Effective Interview Questions
Good interview questions help shape the interview and, as Studs Terkel says, “Pull out people’s best stories.” By choosing questions that are open-ended and important to them, students can learn great interview skills that can be helpful in future college and job interviews. Tell students that in today’s lesson they will have a chance to interview one another and ask each other the “big questions.”
- Objective: To learn how to ask effective interview questions and to practice asking effective questions by conducting an interview with a peer
- Standards: Applicable Common Core Standards
- Time: 45 minutes
- Preparation: Review the entire lesson, including the learning object Tips for Effective Interviews and the animation “Q & A”
- Materials: Student copies of the Great Questions List, the learning object Tips for Effective Interviews (see below), the animation “Q & A”, computer, speakers, Internet connection, projector or Smart Board, index cards for each student
Warm-Up: The Big Share
8-Minute Face-to-Face Activity
- Provide each student with an index card and the Great Questions List. Ask students to choose one question for someone else in the room to answer and to write it on their index card.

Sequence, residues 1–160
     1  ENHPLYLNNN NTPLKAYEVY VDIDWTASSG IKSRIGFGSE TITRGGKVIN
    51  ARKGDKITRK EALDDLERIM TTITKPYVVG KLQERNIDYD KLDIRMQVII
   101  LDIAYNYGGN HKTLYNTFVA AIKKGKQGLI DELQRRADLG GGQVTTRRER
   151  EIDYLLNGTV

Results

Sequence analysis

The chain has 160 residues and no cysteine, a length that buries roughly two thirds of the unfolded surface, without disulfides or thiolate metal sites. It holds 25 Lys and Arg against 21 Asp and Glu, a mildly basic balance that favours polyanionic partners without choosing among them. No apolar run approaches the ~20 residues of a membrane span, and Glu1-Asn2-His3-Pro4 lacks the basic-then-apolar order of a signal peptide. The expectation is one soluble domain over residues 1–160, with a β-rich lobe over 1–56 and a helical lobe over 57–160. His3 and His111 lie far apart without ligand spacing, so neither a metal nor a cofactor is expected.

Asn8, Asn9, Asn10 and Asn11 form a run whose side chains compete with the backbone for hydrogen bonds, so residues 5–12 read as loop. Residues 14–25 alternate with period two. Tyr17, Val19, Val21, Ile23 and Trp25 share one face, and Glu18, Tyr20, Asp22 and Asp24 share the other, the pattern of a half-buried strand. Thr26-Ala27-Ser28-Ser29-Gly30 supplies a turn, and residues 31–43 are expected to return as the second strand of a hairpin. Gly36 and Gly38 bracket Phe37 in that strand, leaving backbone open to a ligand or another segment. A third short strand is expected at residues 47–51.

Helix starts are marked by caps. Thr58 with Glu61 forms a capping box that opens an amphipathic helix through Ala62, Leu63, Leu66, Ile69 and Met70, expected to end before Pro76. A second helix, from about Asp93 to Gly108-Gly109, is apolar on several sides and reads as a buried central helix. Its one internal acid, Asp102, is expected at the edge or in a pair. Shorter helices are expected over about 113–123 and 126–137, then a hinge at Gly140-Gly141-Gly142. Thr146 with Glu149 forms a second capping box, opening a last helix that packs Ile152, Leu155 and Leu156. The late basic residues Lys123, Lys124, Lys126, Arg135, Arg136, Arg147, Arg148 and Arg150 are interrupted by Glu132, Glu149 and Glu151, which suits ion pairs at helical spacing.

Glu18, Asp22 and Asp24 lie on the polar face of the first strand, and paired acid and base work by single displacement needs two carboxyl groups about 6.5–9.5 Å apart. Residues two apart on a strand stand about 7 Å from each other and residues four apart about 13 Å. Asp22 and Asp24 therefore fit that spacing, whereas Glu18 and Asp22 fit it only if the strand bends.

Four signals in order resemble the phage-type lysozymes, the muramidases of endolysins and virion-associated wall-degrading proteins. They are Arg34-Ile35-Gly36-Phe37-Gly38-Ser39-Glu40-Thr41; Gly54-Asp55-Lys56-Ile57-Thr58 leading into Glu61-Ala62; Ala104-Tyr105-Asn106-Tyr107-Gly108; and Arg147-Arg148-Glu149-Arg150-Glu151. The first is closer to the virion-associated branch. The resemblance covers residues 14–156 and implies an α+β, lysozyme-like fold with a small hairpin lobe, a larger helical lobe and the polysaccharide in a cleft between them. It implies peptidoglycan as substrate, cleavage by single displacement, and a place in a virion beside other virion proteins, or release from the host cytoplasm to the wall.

- Model how the activity will work. Approach a student and ask the question you wrote on an index card. He or she answers it, then asks you his or her question. After you have both answered a question, trade index cards. Both you and the model student will now find a new partner and ask a new question.
- Explain that each time students talk to a new person, they will trade questions. Tell students they will all do this at the same time. Encourage students to talk to at least three different people.
- Collect the interview questions and set them aside to use later in the lesson.
- Ask students to move their chairs into a circle.
Activity: What Makes An Effective Interview Question?
10-Minute Digital Learning Object And Face-to-face Activity
Explain to students that today’s warm-up focused on asking questions because later they will have the opportunity to conduct an interview with a peer. Asking effective questions is an important skill that takes practice to develop.